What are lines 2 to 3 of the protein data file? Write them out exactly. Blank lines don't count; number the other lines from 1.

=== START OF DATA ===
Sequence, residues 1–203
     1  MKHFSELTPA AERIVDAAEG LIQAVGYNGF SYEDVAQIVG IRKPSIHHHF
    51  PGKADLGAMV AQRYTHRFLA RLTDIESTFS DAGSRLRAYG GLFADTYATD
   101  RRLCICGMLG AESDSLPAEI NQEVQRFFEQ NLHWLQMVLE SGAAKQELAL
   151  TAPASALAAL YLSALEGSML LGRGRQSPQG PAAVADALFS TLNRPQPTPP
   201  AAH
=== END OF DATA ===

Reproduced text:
     1  MKHFSELTPA AERIVDAAEG LIQAVGYNGF SYEDVAQIVG IRKPSIHHHF
    51  PGKADLGAMV AQRYTHRFLA RLTDIESTFS DAGSRLRAYG GLFADTYATD